I am thrilled to be a part of the Blog Tour for Old Cases New Colours by Madalyn Morgan and I have an exclusive extract from the book
Old Cases, New Colours (A Dudley Green Investigation)
Sick of working in a world of spies and bureaucracy, Ena Green, nee Dudley, leaves the Home Office and starts her own investigating agency.
Working for herself she can choose which investigations to take and, more importantly, which to turn down.
While working on two investigations, Ena is called as a prosecution witness in the Old Bailey trial of a cold-blooded killer who she exposed as a spy the year before.
An extract from Chapter Twenty-six of Old Cases New Colours
Intro: Mr Derby-Bloom, the father of a friend of Ena’s, dies suddenly while recuperating in a nursing home after a knee operation. Ena’s friend, George, asks Ena to look into her father’s death as he was fit with no underlying health issues and she thinks his death is suspicious. This extract is the second time Ena meets the nurse who looked after Mr Derby-Bloom.
‘Thank you for seeing us again, Nurse McKinlay. I was wondering if we might ask you a couple more questions?’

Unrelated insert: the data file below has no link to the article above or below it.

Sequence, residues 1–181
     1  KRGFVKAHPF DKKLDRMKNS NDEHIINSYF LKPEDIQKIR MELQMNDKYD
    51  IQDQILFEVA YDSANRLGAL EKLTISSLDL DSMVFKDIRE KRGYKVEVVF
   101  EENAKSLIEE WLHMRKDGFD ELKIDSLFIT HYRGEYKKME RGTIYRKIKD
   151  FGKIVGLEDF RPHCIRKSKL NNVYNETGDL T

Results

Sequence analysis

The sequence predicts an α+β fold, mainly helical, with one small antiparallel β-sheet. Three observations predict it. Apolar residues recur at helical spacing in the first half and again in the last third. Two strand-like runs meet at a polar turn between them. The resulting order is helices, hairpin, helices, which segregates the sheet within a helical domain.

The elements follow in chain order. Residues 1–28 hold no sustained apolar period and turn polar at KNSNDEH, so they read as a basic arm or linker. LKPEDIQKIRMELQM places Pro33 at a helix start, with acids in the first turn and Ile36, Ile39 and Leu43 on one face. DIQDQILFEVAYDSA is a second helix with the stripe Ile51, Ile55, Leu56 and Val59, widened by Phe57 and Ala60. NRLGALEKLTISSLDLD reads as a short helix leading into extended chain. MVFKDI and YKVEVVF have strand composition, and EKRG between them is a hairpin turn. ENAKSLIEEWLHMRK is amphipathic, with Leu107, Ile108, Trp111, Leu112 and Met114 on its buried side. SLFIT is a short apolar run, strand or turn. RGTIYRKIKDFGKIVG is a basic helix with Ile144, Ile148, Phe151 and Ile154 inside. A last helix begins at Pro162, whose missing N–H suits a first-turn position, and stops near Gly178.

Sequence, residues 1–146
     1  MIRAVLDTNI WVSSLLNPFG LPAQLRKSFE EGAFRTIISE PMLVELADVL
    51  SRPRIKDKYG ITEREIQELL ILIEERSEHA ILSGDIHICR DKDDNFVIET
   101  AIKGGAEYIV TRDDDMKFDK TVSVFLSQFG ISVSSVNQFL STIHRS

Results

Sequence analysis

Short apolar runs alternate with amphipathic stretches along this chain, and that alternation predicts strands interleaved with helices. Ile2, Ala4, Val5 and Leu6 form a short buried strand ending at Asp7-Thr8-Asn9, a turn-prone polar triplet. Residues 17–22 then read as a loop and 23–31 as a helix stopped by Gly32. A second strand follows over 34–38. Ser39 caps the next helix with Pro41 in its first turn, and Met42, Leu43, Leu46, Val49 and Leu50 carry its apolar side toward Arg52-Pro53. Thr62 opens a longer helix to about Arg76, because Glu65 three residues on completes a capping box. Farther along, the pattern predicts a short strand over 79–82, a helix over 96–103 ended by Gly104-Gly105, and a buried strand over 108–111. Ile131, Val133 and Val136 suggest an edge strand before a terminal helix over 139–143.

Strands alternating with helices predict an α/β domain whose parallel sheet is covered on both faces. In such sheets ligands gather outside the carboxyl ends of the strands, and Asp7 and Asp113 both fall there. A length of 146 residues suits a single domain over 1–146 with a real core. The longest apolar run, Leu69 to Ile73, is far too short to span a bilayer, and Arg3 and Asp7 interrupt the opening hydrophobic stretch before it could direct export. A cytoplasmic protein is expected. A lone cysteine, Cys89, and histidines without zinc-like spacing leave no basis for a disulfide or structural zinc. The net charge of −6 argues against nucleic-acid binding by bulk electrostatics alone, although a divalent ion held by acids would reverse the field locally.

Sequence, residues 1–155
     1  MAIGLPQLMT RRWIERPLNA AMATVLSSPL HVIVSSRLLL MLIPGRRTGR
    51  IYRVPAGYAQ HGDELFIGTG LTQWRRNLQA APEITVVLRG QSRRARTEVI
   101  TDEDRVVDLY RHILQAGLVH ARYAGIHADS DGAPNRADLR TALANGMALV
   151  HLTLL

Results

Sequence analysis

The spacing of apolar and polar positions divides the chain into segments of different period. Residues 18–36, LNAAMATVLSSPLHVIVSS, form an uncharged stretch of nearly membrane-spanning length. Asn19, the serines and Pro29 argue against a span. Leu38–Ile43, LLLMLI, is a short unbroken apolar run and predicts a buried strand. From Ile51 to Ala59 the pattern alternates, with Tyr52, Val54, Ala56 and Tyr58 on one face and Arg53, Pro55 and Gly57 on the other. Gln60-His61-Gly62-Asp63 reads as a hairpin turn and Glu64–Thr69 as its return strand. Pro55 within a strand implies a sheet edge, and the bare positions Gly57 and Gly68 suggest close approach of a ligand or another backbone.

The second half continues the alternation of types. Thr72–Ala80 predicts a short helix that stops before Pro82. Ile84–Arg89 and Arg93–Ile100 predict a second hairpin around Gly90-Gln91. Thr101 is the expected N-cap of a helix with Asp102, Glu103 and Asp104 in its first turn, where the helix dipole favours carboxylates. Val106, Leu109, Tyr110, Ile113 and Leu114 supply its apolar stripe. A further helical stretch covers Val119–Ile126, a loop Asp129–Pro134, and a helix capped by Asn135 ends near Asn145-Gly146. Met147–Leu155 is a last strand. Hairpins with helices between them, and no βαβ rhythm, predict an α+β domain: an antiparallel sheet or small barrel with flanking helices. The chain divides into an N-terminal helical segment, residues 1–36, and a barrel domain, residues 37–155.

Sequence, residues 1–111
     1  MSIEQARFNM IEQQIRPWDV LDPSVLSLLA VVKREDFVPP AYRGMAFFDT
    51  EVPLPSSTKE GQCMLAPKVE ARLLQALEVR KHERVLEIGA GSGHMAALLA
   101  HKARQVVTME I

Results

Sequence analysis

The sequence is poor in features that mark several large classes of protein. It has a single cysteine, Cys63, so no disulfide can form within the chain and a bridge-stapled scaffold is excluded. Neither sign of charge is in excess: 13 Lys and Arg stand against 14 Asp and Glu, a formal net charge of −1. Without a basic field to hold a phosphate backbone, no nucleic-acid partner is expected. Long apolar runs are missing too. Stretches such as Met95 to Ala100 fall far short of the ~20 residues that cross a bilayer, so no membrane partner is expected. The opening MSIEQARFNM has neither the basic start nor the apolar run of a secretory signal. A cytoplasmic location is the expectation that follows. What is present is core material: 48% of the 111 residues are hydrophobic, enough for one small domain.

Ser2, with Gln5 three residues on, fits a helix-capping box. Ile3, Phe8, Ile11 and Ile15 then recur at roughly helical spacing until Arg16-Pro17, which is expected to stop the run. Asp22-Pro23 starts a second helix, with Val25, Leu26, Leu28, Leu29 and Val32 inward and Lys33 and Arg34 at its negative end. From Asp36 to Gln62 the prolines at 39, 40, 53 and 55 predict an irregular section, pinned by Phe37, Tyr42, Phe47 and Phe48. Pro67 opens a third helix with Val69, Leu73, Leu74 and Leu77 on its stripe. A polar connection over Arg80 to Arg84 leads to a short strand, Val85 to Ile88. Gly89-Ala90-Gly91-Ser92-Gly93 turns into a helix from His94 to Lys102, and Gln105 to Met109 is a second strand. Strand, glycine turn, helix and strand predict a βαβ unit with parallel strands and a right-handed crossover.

Nurse McKinlay smiled. ‘Of course.’
‘Did Mr Derby-Bloom say anything before he died.
She looked at Ena thoughtfully and then her eyes widened and she took a long slow breath. ‘Yes,’ she said, ‘he did.’ She turned to George, ‘I’m sorry. I was so upset when you were last here, I forgot.’
Ena looked at George. ‘Do you remember what it was he said?’
The nurse looked up at the ceiling as if the words were written there. ‘Yes, but I didn’t hear everything he said. He was speaking German.’
‘Are you sure it was German?’
‘Yes, quite sure.’
‘Try to remember what the words sounded like.’
Nurse McKinlay looked thoughtful. She took a shaky breath and said, ‘I didn’t understand him at first because what he said didn’t make any sense.’
‘Could he have been hallucinating?’
‘No, I’m sure he wasn’t. He reached out and took my hand. I couldn’t hear what he was saying, so I leaned over him and put my ear near his mouth. It’s been a long time since I’ve heard anyone speak German and I didn’t catch the first couple of words, but it sounded like, sie hat mich getötet. Then, I’m sorry, he’d gone.’
George took a sharp breath, looked at Ena and then at the nurse. ‘Sie hat mich getötet?’
‘Yes. He spoke quietly, but that was definitely what he said.’
‘And in English?’ Ena asked.
‘She has killed me,’ George said. ‘Who did he think had killed him?’
Before the three women had time to discuss the meaning of Mr Derby-Bloom’s last words, the nursing home’s manager, Mrs Sharp, opened the door.